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Saw one fitted to an 1190 a few years ago and was going to fit one to mine, got as far as ordering as I wanted one for an upcoming tour and they had no stock and could not deliver for a few weeks, so went without and then never got around to it.

I then realized I had not fitted a new chain to a bike since 2001, sold my 1190 with 20k on the clock and it was still fine, made me re-consider if I really need one and all the aggro that comes with them, the only time I find them useful is touring in the rain when any lube is rapidly stripped from the chain, otherwise it is easy enough to oil it manually every 2-3 days on tour and now and again at home.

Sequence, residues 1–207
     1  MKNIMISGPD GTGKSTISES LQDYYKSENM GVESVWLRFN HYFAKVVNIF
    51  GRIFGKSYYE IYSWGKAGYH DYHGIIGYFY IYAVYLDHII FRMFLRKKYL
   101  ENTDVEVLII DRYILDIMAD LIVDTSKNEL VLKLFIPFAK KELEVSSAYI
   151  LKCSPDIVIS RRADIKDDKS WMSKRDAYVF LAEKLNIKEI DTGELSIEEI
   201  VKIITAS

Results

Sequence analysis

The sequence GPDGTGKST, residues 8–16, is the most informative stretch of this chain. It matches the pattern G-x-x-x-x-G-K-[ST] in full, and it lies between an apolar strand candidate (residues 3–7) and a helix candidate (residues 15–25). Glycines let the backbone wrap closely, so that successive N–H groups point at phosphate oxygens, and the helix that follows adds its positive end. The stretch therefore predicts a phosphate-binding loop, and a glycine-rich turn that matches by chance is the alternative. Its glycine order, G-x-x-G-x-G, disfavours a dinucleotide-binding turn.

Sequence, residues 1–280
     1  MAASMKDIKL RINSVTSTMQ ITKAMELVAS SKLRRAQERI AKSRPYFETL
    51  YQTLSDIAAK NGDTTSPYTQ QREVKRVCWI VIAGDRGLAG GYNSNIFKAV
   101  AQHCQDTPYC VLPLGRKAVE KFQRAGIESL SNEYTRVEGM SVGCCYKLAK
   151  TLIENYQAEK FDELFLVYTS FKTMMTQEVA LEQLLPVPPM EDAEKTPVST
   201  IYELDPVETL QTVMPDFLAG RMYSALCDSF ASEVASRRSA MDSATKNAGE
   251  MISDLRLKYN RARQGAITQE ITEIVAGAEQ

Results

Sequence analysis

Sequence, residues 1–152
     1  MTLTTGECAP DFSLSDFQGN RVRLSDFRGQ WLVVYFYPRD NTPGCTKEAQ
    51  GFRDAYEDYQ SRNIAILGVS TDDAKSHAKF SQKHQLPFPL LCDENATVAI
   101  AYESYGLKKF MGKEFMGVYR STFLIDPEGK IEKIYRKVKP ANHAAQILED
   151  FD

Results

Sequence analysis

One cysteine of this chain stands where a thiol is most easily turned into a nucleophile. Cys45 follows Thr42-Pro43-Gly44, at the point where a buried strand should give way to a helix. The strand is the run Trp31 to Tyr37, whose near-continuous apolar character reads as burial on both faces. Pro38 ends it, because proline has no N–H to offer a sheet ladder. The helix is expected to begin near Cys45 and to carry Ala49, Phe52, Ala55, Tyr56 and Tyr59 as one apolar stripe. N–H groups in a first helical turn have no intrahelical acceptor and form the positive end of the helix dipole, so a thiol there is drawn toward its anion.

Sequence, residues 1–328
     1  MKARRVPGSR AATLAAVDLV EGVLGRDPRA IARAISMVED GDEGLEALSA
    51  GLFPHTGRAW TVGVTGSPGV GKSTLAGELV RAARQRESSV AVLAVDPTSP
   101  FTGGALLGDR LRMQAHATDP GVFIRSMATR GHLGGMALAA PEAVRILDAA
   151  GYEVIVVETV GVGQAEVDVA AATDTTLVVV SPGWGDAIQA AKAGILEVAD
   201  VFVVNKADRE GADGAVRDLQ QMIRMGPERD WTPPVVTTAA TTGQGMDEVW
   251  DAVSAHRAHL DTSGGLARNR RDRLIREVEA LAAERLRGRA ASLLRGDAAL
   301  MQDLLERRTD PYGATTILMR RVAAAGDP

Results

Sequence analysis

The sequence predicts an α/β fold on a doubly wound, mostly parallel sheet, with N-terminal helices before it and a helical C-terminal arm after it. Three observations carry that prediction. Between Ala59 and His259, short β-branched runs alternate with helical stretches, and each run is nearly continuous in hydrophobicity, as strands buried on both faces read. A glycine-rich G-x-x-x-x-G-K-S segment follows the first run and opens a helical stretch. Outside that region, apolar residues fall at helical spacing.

Had one of the very first TUTORO models back in 2008 on a ZZR1400, only bike I ever fitted an oiler to, but back then they were £20! At close to £100 now I kind of think that goes along way to a new chain if I ever wear one out before changing bikes - and with 4 bikes in the household fitting oilers to them all would be an expensive exercise.
There's no real hassle fitting a tutoro, except maybe getting the delivery tube to line up as you want it and stay in position.

It's easier than lubing the chain every few hundred miles and cleaning the fling off, especially if you use a messy lube!

I expect that you may spend more than £100 in lube over 20k miles, but there won't be much in it. For me my last 2 bikes had over 50k on the clock when sold so an oiler was definitely the way to go, but I'm now only doing 10-15k miles a year and haven't got round to fitting one to the current bike.